Historically used as livestock pasture, the Preserve’s original Hilltop Meadow and the newly restored Harbor Meadow were planted with native pollinator-friendly species. Today these thriving fields are alive with milkweed, sunflower, butterfly weed and big bluestem which, in turn, attract myriad species of bees, butterflies and wasps. This habitat provides natural cover for migrating birds as well as ground-dwelling mammals.
Traditionally abundant in Avalon’s habitat, quail and pheasant have become increasingly scarce in recent decades. For the past seven years, Avalon has initiated a concerted effort to re-establish viable breeding populations of these native, ground nesting birds. The Preserve raises chicks in a surrogator each year and releases them into the meadows. Our hope is that the quail’s call of “bob-white” and the male pheasant’s vibrant flash of color will once again become familiar to Avalon’s meadows.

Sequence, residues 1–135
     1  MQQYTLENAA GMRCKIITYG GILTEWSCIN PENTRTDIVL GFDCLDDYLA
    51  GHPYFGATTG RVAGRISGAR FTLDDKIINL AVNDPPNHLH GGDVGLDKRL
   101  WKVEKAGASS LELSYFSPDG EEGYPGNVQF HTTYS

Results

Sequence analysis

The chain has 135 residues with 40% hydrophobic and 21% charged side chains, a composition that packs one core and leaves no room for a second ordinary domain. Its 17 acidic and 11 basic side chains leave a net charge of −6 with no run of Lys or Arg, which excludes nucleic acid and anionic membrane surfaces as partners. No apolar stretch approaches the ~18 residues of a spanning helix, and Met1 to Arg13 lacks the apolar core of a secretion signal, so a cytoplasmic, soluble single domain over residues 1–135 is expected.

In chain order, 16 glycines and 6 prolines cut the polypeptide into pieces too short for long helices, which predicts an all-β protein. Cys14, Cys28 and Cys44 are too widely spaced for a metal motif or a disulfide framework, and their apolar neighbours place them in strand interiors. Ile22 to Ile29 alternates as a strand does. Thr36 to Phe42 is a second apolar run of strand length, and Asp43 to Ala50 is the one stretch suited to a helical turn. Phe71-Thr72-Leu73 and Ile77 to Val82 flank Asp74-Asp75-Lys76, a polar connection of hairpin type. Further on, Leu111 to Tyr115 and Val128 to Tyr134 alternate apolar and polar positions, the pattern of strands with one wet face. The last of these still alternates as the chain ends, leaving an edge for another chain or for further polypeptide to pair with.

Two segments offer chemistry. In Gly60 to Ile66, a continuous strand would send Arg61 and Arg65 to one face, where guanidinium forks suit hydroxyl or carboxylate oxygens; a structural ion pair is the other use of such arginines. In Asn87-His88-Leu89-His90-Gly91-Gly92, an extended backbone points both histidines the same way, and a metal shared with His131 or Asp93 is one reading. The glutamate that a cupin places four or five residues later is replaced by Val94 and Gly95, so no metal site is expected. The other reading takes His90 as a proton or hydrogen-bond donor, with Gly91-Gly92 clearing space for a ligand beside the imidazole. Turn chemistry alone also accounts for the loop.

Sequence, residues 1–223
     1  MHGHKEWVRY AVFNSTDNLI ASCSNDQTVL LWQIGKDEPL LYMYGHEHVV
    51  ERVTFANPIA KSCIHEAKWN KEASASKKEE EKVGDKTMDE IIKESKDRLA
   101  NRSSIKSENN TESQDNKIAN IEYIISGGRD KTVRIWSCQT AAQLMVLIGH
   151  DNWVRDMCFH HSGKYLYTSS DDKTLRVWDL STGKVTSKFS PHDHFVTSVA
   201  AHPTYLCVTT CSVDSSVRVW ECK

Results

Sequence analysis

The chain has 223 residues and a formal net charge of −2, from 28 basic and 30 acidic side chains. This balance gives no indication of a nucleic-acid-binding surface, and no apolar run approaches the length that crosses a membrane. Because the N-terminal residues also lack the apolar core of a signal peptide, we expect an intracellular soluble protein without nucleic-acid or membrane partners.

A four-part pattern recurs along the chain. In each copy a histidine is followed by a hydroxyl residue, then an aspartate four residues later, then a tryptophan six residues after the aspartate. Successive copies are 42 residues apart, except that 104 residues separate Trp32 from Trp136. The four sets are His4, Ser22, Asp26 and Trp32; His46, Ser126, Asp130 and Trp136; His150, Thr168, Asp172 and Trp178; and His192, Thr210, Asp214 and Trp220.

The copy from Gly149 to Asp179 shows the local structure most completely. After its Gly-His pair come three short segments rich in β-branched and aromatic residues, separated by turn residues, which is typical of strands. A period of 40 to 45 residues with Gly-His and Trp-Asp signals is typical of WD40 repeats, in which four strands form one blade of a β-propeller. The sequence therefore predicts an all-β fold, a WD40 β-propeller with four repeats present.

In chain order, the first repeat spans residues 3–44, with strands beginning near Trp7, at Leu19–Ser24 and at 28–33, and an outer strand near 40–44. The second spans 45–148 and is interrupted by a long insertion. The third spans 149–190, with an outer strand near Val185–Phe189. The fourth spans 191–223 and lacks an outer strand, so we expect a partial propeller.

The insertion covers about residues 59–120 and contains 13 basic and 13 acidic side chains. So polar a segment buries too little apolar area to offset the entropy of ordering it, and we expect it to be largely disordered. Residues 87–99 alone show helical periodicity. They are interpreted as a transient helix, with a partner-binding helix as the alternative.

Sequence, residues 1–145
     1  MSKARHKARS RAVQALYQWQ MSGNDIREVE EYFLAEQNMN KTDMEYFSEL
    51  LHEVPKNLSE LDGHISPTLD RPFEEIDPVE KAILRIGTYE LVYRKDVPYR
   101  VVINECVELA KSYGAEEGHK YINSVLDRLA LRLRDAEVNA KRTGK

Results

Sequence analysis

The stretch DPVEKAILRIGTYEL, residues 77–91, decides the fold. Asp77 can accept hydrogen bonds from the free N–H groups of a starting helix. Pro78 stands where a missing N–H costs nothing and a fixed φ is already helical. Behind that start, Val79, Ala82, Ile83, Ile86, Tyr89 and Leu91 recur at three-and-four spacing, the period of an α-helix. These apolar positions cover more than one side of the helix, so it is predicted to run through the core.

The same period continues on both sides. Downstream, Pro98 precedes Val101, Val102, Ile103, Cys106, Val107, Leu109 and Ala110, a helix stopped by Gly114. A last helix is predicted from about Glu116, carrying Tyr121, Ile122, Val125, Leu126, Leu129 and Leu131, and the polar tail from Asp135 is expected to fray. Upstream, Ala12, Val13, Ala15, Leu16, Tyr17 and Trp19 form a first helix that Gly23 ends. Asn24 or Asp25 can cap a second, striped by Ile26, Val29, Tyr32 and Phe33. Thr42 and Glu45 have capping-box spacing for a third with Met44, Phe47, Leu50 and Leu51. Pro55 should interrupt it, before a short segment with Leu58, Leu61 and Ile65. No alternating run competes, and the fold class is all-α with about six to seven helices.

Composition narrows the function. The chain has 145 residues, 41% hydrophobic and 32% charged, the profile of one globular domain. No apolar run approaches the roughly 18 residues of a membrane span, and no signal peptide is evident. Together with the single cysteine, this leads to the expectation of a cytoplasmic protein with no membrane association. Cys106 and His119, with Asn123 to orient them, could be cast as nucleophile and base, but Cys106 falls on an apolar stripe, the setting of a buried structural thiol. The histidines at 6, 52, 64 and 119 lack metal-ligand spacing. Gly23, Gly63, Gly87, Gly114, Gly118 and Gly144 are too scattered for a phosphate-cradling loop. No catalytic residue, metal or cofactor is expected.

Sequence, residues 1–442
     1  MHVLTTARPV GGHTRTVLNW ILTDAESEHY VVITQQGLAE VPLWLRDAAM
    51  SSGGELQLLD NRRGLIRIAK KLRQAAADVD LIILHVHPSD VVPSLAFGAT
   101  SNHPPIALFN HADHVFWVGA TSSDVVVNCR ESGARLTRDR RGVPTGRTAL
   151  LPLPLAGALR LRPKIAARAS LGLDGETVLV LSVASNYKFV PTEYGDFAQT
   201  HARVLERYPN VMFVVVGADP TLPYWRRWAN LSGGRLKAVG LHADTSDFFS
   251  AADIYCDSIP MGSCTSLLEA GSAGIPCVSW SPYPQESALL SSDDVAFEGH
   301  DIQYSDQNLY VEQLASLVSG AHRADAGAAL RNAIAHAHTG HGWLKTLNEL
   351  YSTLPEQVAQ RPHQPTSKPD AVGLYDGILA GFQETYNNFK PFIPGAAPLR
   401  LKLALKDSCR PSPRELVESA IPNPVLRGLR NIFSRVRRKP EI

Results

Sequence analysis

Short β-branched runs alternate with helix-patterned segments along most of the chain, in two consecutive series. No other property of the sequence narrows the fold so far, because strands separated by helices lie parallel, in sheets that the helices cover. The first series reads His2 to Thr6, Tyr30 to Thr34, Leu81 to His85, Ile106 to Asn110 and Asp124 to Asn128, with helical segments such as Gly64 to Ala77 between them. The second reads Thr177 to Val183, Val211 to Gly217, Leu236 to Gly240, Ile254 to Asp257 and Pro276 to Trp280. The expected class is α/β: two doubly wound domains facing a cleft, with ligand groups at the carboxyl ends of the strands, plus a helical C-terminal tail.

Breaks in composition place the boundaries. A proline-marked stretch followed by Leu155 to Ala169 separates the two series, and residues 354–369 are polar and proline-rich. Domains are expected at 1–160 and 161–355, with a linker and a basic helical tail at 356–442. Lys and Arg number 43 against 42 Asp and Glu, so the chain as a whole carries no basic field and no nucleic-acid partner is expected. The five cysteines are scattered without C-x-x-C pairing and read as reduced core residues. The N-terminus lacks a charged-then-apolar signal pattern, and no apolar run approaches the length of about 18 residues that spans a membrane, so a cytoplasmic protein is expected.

In a collaborative effort, Head of the Harbor Village, the Humane Society of the United States, the Cummings School of Veterinary Medicine at Tufts University and Avalon Nature Preserve will conduct a six-year study of our local deer population to test the efficacy and cost-efficiency of immunocontraceptive delivery methods. The objective of the study is to enhance the viability of these methods in long-term deer management plans. This clinical study will be conducted under conditions established by a New York Department of Environmental Conservation license.